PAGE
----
New NFC features in Android

Posted on Feb 09, 2011 - By

Well, there are good news: Google announced an update to Android 2.3 that adds new NFC capabilities for developers. This update is a small feature release but finally adds read and write APIs for the near field communications chip. Other updates include new APIs for Bluetooth, graphics, media framework, and speech recognition. The new version is available as a downloadable component for the Android SDK.
Now, the plataform provides a new set of APIs supporting a wider range of standard tags, including:

  • NFC-A (ISO 14443-3A)
  • NFC-B (ISO 14443-3B)
  • NFC-F (JIS 6319-4)
  • NFC-V (ISO 15693)
  • ISO-DEP (ISO 14443-4)
  • Mifare Classic
  • Mifare Ultralight
  • NFC Forum NDEF tags

This release also provides a limited peer-to-peer communication protocol and API. As they say “advanced tag dispatching now gives applications more control over how and when they are launched, when an NFC tag is discovered. Previously, the platform used a single-step intent dispatch to notify interested applications that a tag was discovered. The platform now uses a four-step process that enables the foreground application to take control of a tag event before it is passed to any other applications (android.nfc.NfcAdapter.enableForegroundDispatch()). The new dispatch process also lets apps listen for specific tag content and tag technologies, based on two new intent actions — android.nfc.action.NDEF_DISCOVERED and android.nfc.action.TECH_DISCOVERED”.
We are going to test this new functionality, will be sharing our views about it and posting some new examples.

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  • Dominik says:

    That’s great to hear. Do you have any insight on wether or not the Nexus S supports sending and receiving extended length APDUs via ISO-14443?

  • Yes, in the new package they include the method “transceive(byte [])” in the NfcA class to send raw NFC-A (iso 14443-a) commands to the tag and receive the response. There are also specific classes for MifareClassic and MifareUltralight where you can send either raw commands via “transceive” or use classic commands (readBlock, writeBlock, increment, decrement) already implemented in the class.

  • Dominik says:

    Thanks for your answer. Just to be clear I’m particularly interested in extended length APDUs (i.e APDUs longer than 256 byte + Header) . Many NFC chips, including NXPs PN532, can only handle “normal” APDUs, that’s why I’m asking.

  • Sorry, I confused it with std APDUs commands. Well, in this update I don’t see a specific interface like ExtendedLength in the javacardx.apdu package. Maybe you should take a look at the NXP hal libraries because almost 99% of the NFC funcionality was already there since 2.3 release and now Google is updating the app and sdk layers for developers.

  • Gorka says:


    I see there is not DESFire specific support, but considering thay we can use the transceive method to send raw commands does it mean we could read a DESFire card if we now how to use the specification??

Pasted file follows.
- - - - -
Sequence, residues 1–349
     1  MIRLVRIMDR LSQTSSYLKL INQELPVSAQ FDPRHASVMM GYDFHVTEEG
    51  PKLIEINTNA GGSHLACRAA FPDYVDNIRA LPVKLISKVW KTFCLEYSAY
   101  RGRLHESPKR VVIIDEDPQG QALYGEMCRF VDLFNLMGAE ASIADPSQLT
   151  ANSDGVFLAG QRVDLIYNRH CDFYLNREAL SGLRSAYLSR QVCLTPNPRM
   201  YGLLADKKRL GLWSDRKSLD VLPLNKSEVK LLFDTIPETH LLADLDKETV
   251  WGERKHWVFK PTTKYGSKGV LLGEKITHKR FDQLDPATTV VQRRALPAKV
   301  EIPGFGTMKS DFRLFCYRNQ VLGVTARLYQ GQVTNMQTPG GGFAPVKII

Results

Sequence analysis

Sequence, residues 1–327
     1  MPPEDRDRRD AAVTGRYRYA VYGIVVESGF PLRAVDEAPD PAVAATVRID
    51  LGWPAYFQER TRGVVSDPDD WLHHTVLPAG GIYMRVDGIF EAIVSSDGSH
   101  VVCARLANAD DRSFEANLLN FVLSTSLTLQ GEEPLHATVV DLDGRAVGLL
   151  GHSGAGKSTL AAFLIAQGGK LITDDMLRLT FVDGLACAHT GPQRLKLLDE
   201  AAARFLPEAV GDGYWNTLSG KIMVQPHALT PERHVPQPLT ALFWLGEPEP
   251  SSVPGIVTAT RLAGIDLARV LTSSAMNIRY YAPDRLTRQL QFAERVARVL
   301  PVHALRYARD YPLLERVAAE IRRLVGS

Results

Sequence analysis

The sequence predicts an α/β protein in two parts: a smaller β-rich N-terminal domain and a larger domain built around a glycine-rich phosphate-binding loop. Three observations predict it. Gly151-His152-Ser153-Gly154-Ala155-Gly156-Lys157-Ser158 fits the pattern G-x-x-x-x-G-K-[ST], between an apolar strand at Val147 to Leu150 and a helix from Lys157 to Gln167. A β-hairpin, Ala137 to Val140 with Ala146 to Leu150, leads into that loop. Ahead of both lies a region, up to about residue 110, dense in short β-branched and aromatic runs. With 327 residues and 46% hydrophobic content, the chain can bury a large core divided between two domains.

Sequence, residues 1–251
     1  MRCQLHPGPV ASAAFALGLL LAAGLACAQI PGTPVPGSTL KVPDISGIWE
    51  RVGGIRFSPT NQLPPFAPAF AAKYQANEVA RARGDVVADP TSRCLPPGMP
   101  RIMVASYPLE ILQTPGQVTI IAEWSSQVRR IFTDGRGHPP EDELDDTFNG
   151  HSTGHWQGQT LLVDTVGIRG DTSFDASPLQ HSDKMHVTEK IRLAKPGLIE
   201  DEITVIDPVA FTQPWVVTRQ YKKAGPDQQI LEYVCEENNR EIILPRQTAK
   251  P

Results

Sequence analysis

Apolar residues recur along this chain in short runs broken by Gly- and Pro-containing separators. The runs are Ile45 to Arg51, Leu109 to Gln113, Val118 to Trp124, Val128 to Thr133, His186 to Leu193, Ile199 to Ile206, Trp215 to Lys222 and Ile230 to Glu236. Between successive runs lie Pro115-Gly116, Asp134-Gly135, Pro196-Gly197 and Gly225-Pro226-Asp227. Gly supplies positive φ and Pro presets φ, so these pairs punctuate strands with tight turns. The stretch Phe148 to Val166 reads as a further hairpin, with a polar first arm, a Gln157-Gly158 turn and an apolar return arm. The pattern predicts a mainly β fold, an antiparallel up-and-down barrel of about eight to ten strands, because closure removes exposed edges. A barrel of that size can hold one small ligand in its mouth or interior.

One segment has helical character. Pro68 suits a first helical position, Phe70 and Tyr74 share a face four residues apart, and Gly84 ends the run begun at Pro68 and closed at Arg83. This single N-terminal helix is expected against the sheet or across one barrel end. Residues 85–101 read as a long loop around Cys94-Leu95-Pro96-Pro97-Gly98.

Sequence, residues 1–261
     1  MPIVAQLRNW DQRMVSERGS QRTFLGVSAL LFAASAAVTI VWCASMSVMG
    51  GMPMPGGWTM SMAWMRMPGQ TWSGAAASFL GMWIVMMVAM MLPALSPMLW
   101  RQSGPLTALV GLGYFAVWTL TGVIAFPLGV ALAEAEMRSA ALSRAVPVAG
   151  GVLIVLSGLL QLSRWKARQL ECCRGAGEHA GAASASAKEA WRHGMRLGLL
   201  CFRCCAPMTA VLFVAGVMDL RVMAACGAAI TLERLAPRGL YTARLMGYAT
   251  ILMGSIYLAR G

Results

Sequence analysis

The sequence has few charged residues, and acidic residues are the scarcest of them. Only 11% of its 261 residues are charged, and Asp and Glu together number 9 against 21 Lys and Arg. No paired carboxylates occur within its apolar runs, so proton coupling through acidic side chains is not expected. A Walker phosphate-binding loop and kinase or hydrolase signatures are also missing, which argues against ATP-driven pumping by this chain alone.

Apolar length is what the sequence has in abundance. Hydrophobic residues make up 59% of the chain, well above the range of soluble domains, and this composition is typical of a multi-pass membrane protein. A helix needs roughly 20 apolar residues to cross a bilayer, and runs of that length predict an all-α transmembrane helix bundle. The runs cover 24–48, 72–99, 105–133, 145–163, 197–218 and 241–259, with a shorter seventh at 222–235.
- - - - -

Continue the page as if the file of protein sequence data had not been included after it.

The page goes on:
• Philipp Hug says:

    I did some experimentation with the Nexus S with the “transceive(byte [])” command and there seems to be a limitation that prevents you from using extended APDUs.
    In my tests the response from the smart card is longer than 256 bytes but the transceive method returns null.
    I haven’t debugged it yet but it looks like this is the problem…

  • nick says:

    hi,can nexus s itself be a tag which could be read by other machines, such as access control card reader?

  • F.C. says:

    Hi, does anyone have experience in establishing peer-to-peer communication between a NXP PN533 device (not Nexus phone) and a Nexus S phone with Android 2.3.3?

  • Eric Clamens says:

    I’m french. We’ve developed an application for blind people. We’re looking for a command or source code to protect (but not permanently) our data in our tags. We would it to work like a p.i.n. : our application could read the data because of the pin ; we also could change the data in our tags because we know the pin.
    I would be great if you can help us.
    Bests regards.

  • Jaganlal says:

    Hi, can someone help me in reading Payment cards (like Chase Blink card – paywave, paypass cards). I looking at reading the card information like cc #, expiration etc. I did enuf research in getting APDU commands, but all in vain :(. Can somebody shed some lights? Please…. Thanks

  • Jaganlal says:

    I’m trying to Read Track data for Payment cards (PayWave, PayPass). As per my understanding they follow ISO 14443 B. With new NFC API,

    1. i can connect with IsoDep format without any exception thrown
    2. call getHiLayerResponse() – returns nothing :(. Now what?

    Later i tried to call transceive() method, but all in vain (i don’t know the APDU commands).

    Can someone help me how to read/get track details of PayWave or PayPass cards (payment cards)?

    if ( NfcAdapter.ACTION_TAG_DISCOVERED.equals(action) ) {

    Parcelable nfcTag = intent.getParcelableExtra(“android.nfc.extra.TAG”);
    Tag t = (Tag)nfcTag;
    IsoDep myTag = IsoDep.get(t);

    String s1 = null, s2 = null;
    byte[] b1 = myTag.getHiLayerResponse(); //b1 is not null, but length == 0
    if( b1 != null && b1.length > 0 )
    s1 = new String(b1);

    byte[] b2 = myTag.getHistoricalBytes(); //returns nothing coz its NfcB
    if(b2 != null && b2.length > 0)
    s2 = new String(b2);

    if( !myTag.isConnected() )

    String sData = “0xBB”; // got this magic value from web
    byte []data = sData.getBytes();
    result = myTag.transceive(data);
    if(result != null && result.length > 0)
    s3 = new String(result); // value of s3 will be “m”

    Any help will be great, please shed some light… Thanks in Advance

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